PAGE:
As more coal-fired power plants implement "clean coal" technologies to improve air quality, there is a growing concern over the new problems being caused in ash disposal. The injection of chemicals into the output of coal-burning may clean the air coming from the plants, but makes it impossible to use the ash in some of the traditional ways to keep it from leaching quickly into the environment.

For example, coal ash could previously be used to make concrete, but the new "clean coal" ash cannot be used for this purpose as the added chemicals make the resulting concrete unreliable in use.

The answer? Putting the coal into landfills rather than using it for other purposes. Although the EPA does not consider coal ash to be hazardous or toxic, it is in fact riddled with small amounts of mercury and heavy metals. Disposing of this ash in landfills replaces some of the problems of air quality with serious potential water quality issues.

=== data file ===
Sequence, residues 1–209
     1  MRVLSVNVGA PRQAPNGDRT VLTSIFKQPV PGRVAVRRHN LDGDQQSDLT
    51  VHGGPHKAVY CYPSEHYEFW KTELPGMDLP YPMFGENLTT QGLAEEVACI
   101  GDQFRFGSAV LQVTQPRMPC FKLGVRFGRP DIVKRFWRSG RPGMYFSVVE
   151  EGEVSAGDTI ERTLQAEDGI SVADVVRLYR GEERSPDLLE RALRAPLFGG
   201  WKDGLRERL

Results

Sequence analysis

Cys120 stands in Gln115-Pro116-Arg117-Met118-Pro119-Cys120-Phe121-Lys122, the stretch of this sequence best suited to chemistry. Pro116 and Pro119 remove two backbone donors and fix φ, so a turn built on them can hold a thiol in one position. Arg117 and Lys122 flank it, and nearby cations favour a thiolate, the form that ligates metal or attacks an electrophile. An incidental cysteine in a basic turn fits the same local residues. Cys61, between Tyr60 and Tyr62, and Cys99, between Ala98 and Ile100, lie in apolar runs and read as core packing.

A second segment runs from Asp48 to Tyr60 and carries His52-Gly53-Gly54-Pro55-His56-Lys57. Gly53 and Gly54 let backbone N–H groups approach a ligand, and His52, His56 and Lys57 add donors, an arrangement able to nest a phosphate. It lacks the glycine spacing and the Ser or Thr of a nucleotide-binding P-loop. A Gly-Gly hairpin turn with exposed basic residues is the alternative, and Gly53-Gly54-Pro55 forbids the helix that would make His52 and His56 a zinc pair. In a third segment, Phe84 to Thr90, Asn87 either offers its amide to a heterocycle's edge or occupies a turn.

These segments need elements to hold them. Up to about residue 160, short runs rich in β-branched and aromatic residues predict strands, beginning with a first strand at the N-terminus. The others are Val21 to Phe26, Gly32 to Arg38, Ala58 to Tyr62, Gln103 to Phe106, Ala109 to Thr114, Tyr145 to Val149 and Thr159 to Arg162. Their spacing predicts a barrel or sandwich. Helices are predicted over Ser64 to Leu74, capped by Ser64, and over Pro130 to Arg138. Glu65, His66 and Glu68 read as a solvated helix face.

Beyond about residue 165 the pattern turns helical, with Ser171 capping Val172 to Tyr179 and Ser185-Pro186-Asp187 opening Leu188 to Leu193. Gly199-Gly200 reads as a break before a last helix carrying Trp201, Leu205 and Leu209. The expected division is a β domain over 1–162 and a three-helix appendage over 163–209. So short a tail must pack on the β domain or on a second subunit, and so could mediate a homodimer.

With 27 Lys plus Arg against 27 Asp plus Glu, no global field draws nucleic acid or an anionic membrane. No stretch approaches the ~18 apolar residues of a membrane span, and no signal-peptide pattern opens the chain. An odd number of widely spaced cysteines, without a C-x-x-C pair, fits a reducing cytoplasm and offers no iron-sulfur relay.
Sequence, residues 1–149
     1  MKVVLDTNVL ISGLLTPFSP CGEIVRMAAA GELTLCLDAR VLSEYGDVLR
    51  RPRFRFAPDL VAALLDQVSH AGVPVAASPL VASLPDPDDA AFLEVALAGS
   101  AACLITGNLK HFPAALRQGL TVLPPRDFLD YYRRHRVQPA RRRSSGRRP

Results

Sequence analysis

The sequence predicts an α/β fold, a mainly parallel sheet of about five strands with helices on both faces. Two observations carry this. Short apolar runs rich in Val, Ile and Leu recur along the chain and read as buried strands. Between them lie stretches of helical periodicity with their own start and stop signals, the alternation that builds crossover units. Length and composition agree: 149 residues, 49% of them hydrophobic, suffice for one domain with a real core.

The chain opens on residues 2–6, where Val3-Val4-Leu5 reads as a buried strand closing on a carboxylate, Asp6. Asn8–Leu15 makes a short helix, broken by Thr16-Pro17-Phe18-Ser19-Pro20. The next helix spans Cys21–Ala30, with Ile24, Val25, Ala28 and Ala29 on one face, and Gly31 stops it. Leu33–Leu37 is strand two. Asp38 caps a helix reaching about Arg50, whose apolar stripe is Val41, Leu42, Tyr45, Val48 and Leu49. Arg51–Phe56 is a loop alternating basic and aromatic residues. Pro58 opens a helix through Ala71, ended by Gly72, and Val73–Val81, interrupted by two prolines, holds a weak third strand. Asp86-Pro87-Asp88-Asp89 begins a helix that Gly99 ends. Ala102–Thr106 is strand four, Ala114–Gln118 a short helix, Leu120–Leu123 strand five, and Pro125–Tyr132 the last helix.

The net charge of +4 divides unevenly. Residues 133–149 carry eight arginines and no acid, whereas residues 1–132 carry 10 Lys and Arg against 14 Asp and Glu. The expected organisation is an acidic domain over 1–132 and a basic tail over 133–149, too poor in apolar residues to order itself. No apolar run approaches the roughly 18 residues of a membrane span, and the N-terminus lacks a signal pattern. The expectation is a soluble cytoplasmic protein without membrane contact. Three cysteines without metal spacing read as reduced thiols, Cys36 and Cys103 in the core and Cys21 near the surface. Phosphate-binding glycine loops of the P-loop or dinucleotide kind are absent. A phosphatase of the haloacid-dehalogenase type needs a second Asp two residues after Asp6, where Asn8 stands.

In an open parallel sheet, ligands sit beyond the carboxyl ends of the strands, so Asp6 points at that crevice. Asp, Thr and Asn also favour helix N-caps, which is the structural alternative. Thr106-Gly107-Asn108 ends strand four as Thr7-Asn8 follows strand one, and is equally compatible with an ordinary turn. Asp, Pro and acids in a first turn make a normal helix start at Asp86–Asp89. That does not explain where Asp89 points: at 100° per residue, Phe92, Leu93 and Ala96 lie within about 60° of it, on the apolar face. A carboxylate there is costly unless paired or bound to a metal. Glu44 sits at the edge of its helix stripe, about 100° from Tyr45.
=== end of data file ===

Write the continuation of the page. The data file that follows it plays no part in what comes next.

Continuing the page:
Our current energy policy is more and more constructed of quick constituent-pleasing fixes that sound much better on paper than they will be in the long run. It's time for the US to work toward long-term sustainable energy policies rather than band-aids such as clean coal technologies, and unknown pie-in-the-sky solutions like hydrogen-based cars. We need a national policy based on achievable goals and research into new yet workable technology to provide for our future. These are technologies based on renewable resources, which will produce jobs throughout our economy, rather than simple increased profits for the companies which have controlled our energy sources for the past 100 years.